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The youth hockey coach did everything right. When his kids came to the rink, they avoided gathering in the locker room. Instead they went to their individual spots to get their gear on. Once on the ice, only the minimum number took part at a time. Each brought their own water bottles.
Just like the social distancing-minded state guidelines call for to play sports as safely as possible in the age of COVID-19.
Until the practice was over.

“As soon as we’re done with our two hours, six of ‘em get into an SUV and they drive off,’’ said Craig Perry, recounting the experience of a friend. “That’s a perfect example of a controlled environment to not controlled.’’

As a Minnesota State High School League associate director, Perry told the story to about 345 high school sports leaders and school officials in a Zoom meeting Thursday to emphasize what coaches face on the eve of trying to restart high school sports amid the coronavirus pandemic.

“The best you can do to control the environment is going to be best for participation,’’ he said. “Where the exposure risk increases is when students and student athletes step out of the control environment.’’

On a beautiful summer morning better spent at the lake, those listening in represented almost 70 percent of the league’s 500-school membership. It was one of the largest turnouts for the weekly meetings, which the league has held since the pandemic shutdown winter tournaments in March.

Their challenge comes as summer outdoor youth sports, following state guidelines, have generally resumed without reported major outbreaks of illness.

It also includes an awareness that high school sports are not the only option for top athletes who play club sports to improve their chances of playing in college, or who may see other states as options if, for example, football won’t be played.

As the meeting wrapped up, Perry noted a late Zoom chat comment and said the league’s return-to-participation task force has “discussed the impact of high school participation vs. club or non-school participation. That has been a very prominent discussion item.’’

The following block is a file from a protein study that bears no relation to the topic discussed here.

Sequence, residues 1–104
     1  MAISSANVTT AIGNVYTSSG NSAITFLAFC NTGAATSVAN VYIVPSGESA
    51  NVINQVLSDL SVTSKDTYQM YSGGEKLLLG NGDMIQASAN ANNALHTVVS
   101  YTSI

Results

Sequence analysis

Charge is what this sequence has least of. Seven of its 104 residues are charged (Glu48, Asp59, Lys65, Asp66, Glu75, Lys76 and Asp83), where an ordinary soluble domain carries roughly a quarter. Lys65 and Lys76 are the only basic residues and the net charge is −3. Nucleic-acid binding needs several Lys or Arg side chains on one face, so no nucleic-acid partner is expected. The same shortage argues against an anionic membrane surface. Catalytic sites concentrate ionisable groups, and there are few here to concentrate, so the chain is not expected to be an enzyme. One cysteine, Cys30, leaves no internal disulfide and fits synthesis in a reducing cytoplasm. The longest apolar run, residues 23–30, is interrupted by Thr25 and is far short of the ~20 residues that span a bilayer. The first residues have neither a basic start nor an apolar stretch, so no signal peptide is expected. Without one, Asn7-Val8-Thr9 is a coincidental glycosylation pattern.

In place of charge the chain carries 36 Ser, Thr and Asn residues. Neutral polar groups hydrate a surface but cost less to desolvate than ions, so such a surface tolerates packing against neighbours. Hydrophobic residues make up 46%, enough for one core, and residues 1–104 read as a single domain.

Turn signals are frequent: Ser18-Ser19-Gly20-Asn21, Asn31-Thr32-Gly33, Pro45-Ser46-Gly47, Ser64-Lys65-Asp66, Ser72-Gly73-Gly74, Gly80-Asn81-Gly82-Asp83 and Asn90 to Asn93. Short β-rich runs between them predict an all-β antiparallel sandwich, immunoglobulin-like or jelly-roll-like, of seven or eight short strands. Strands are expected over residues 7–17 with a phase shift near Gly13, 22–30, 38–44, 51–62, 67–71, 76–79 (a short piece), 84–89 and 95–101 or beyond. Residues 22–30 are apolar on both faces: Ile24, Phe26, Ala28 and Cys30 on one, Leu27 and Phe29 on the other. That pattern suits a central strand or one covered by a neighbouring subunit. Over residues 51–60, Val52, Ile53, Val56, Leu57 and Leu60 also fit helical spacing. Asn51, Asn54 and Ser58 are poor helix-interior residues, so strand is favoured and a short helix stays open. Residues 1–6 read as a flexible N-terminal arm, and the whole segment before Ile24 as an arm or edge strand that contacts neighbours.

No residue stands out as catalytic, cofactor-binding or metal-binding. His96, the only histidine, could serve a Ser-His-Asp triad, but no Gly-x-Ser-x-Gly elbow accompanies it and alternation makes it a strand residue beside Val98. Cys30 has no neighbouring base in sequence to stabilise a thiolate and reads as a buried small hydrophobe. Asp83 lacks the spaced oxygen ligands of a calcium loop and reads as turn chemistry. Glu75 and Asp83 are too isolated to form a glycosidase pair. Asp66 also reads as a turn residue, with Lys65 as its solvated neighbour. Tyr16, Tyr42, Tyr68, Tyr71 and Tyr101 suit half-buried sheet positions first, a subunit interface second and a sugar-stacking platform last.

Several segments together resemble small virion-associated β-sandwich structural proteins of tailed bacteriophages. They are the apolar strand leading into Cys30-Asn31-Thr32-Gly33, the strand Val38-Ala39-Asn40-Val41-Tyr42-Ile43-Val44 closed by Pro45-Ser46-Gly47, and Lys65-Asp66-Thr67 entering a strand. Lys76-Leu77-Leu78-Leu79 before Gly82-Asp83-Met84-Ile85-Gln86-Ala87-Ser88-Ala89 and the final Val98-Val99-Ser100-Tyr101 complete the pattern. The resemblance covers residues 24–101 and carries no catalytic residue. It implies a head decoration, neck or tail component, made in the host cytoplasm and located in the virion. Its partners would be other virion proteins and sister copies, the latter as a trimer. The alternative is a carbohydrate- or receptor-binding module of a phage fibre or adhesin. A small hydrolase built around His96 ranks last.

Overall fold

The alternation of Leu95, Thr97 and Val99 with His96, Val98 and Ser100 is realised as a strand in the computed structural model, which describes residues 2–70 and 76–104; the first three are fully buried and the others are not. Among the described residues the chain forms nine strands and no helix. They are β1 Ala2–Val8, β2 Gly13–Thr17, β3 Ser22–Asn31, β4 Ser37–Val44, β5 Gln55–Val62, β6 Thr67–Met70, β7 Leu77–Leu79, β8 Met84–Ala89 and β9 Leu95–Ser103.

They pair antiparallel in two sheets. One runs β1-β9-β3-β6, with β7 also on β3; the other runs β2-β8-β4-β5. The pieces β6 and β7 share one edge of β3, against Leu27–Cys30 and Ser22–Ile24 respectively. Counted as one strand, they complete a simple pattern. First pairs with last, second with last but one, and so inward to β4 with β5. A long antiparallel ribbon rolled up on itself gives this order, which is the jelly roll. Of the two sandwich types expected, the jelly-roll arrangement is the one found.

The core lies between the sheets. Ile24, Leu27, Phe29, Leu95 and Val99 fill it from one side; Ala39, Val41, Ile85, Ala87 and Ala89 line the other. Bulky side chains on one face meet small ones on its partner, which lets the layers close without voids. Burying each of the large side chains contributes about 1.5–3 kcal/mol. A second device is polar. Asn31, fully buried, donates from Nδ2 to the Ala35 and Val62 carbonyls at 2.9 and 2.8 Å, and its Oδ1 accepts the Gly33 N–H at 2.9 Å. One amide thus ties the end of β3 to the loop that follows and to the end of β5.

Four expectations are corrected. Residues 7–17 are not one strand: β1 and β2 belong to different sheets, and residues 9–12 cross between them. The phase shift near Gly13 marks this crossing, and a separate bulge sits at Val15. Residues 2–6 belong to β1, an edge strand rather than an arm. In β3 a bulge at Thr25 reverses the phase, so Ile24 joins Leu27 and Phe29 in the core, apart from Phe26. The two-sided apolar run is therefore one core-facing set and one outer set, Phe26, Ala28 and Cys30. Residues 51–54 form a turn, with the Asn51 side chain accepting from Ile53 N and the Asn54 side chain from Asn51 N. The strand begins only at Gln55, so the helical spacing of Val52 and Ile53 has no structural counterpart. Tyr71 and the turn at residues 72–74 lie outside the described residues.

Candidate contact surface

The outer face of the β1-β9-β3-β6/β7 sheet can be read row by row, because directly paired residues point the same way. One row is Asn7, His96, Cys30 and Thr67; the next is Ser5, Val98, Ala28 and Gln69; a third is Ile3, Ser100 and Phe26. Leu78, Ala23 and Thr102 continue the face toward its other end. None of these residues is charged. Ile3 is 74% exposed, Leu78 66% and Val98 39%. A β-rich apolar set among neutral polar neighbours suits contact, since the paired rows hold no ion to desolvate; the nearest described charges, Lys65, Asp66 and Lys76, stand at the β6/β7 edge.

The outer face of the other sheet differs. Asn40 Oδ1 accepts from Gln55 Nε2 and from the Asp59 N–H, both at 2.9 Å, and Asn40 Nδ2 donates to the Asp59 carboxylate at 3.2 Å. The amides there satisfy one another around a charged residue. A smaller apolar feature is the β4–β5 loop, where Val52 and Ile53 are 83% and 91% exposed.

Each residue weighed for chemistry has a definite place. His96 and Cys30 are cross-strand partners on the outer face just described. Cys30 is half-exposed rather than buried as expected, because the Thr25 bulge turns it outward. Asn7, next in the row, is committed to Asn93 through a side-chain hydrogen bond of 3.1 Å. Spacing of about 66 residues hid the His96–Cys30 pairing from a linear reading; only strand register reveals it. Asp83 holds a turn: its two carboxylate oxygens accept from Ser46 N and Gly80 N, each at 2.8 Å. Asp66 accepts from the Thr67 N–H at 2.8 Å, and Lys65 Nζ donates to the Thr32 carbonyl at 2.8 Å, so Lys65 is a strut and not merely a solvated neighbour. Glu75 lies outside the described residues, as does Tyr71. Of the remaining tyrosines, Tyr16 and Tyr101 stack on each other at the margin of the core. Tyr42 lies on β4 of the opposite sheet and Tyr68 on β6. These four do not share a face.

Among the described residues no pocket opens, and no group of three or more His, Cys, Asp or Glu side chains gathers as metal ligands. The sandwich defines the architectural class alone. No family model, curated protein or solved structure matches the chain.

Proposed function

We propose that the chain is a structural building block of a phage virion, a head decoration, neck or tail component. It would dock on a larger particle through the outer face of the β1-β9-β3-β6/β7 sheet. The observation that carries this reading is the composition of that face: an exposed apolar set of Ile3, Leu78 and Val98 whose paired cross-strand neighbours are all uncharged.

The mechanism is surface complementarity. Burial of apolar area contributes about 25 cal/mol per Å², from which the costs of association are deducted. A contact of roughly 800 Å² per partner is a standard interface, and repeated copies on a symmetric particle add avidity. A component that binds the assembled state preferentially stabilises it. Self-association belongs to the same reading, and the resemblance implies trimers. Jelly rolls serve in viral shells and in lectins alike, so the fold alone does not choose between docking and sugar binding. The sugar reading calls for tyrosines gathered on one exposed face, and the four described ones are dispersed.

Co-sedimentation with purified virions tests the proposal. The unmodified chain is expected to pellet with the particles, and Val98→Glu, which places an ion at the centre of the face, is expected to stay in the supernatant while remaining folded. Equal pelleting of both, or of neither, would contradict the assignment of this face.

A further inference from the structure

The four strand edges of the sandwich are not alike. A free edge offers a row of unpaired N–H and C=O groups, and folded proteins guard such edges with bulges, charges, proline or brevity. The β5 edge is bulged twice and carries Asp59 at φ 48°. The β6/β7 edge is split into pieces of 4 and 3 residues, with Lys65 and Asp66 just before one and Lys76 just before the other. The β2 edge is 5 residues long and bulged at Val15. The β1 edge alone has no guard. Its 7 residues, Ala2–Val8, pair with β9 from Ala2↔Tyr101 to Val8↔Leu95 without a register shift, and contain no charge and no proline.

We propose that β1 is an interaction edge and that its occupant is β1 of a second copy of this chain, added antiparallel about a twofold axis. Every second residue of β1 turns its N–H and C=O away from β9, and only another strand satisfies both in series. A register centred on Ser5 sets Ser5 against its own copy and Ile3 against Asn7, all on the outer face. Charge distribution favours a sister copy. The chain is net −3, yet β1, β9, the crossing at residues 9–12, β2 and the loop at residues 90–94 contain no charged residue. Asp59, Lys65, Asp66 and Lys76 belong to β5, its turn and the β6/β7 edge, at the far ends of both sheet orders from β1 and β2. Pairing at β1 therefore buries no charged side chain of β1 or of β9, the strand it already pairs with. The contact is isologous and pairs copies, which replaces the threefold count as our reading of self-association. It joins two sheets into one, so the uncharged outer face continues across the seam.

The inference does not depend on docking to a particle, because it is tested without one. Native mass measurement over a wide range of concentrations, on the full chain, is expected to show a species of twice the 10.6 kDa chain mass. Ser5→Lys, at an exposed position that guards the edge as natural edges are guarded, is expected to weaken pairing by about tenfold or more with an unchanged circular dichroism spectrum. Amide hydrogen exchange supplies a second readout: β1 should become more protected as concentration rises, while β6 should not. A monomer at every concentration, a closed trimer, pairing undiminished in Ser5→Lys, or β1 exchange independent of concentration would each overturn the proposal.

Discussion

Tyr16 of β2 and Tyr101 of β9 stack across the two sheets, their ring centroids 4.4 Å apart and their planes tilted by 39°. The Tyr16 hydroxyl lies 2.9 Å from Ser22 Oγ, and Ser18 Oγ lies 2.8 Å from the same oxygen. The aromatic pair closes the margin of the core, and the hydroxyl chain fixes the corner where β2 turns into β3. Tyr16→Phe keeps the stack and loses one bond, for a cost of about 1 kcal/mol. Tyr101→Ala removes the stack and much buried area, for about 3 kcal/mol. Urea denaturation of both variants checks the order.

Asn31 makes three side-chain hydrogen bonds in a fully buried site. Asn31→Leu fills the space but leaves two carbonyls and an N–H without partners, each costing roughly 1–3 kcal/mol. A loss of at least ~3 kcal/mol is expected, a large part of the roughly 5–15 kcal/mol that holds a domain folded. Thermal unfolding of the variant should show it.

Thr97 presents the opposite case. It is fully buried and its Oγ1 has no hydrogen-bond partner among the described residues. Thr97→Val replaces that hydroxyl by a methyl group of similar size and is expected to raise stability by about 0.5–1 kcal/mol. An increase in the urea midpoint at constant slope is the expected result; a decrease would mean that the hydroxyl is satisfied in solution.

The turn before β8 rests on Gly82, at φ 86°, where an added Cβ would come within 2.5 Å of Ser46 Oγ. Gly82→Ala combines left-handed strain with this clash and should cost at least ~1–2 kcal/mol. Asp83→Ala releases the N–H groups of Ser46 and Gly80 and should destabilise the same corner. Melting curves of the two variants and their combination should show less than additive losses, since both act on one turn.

Earlier in the meeting Erich Martens, the league’s executive director, cited school sports’ “unique connection to education’’ in distinguishing them from local groups that run club programs such as volleyball and basketball leagues.

Such a program “does not need to worry about how their interactions and their behaviors might impact an educational setting,’’ Martens said, “where we as a state high school league, and with activities connected to school, have to be really thoughtful about what does that mean.

“If we have an outbreak in our activities, that’s going to impact schools and could have some impacts on shutdown.’’

The task force has discussed four options for restarting fall sports: A traditional season that starts on time, a delayed start with a 20 to 30% reduction in games, a practice-only season that defers playing games until spring, and a deferred season that would be somehow wedged in without butting up against traditional spring sports.

The group is expected to complete its work Friday and make recommendations for the board’s consideration at its meeting on Tuesday.

With fall sports set to begin Aug. 17, uncertainty percolated through the questions posted by school officials. For example, Aug. 7 is the last day coaches can work with their athletes until those fall practices begin. What happens if a season is delayed?

“We are getting right down to some of the smallest details,’’ Perry told the group, acknowledging that league rules and bylaws could be affected if fall practice is delayed.

With a nod to the board meeting on Tuesday, he added, “So much could change in the next five days.’’